Master of Science
Simpson, Andrew M.
Open tibia fractures (OTF) are a management challenge. Admission to a trauma center (TC) and a coordinated approach to bony fixation and soft-tissue reconstruction (STR) have been shown to improve outcomes. The objective of this study was to describe patients who had OTF in Ontario and analyze their outcomes. Linked population data pertaining to patients who had OTF between the years 2009-2020 were examined. Demographic information, admission location, and management course were collected. 4240 patients were found. The mean age was 47, and majority were males. Patients admitted to TC had greater proportion of having Injury Severity Score >15, and associated neurovascular injuries. Patients in TC were more likely to undergo limb amputation, but also more likely to get STR with an average delay of 20 days. These findings provide a comprehensive examination of the clinical course for patients experiencing OTF in Ontario. Further analyses can help identify factors that may improve outcomes.
Summary for Lay Audience
Major extremity traumas, such as open tibia fractures, are devastating injuries that often require multiple surgical specialties to work together for bony fixation and soft tissue repair. Open tibia fractures are associated with numerous complications including inadequate bony union, hardware exposure, infections, and even amputations. Some of these complications can affect patients life-long, causing significant physical, emotional, and financial distress.
Previous research has demonstrated that early transfer to a tertiary trauma center that have trained specialists and resources available for expedited bony fixation and soft tissue reconstruction results in improved outcomes. At this time, there has not been a large population-based study examining these patients in Ontario. We do not have specific information on the characteristics of the people who get open tibia fracture, and their management and outcomes. The objective of this current work was to: (1) describe those who had open tibia fracture within an 11-year period using a linked population-based data, (2) explore what types of hospital they were admitted, and (3) examine their management and outcomes.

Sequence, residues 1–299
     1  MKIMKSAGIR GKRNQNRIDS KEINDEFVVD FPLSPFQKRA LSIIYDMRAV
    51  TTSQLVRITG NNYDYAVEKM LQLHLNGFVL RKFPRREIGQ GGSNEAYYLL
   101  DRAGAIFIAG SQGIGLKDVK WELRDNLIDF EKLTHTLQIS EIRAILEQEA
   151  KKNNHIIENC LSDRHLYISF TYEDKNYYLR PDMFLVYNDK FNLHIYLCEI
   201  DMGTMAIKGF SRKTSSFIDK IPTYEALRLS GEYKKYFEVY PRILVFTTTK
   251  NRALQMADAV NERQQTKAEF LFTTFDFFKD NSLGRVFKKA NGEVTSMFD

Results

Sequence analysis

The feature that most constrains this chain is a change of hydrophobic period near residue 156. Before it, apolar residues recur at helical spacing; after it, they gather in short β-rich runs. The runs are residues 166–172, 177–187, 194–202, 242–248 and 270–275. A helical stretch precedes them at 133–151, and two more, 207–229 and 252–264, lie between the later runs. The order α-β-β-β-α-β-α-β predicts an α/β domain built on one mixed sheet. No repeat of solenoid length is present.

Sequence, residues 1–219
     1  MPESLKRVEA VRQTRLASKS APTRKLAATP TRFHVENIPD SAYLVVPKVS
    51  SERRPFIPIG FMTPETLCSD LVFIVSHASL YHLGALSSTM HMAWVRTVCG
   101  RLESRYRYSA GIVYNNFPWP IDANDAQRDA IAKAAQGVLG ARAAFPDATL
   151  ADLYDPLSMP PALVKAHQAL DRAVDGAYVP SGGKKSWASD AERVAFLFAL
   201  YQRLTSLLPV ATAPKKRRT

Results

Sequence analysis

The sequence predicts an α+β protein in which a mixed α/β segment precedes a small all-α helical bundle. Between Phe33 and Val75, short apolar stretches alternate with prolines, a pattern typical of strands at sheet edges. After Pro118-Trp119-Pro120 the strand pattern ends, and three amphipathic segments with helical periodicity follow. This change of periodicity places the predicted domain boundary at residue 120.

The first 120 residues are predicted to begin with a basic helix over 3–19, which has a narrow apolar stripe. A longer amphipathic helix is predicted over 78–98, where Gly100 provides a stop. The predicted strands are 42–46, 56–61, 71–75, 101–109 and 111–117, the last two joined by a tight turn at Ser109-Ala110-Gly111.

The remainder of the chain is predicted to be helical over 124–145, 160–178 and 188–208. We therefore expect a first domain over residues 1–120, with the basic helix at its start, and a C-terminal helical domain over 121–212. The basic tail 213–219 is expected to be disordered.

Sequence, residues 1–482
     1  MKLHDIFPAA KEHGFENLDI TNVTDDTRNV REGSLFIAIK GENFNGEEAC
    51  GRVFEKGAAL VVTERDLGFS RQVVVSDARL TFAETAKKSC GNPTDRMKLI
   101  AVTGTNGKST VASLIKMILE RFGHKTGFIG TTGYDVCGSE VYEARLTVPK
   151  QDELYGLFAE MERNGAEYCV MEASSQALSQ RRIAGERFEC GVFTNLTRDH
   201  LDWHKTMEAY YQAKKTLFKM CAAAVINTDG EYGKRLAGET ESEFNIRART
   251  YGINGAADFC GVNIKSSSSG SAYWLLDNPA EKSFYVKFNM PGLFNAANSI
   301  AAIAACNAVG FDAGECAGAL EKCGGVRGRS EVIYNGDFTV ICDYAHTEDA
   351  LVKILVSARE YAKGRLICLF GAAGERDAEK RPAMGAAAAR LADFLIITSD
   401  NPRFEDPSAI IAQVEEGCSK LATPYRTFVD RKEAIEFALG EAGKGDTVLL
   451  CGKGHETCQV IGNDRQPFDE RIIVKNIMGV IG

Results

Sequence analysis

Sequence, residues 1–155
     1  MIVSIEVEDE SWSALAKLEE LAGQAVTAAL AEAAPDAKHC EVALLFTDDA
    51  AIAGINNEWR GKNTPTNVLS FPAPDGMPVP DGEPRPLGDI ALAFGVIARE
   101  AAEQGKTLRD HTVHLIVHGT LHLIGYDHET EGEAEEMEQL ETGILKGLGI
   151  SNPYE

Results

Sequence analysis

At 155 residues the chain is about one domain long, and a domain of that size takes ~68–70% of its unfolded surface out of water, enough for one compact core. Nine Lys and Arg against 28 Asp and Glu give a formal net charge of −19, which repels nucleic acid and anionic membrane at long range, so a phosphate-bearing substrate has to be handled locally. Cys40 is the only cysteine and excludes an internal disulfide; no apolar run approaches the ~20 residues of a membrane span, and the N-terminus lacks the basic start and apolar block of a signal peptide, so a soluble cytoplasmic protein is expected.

We saw that over 4000 Ontario individuals were affected by open tibia fracture in the described period. They were young individuals in their 40s, who were mostly male. More than 30% of the population experienced infections, and 4.5% underwent amputation of the affected limb within 1 year of their injuries. Those with more severe injuries were admitted to a trauma center, and more likely to be consulted by a plastic surgeon for a soft tissue reconstructive surgery. However, there was up to 20-day time period in these individuals in getting a soft tissue reconstruction since their injury.
This study demonstrates the current management patterns of open tibia fractures in Ontario and the patient outcomes. The results serve as a foundation for many other studies that can examine specific factors that may help improve the outcome of patients with severe lower extremity traumas.
Kim, Stephanie M., "Severe lower extremity trauma in Ontario: A linked population-based analysis" (2022). Electronic Thesis and Dissertation Repository. 9049.
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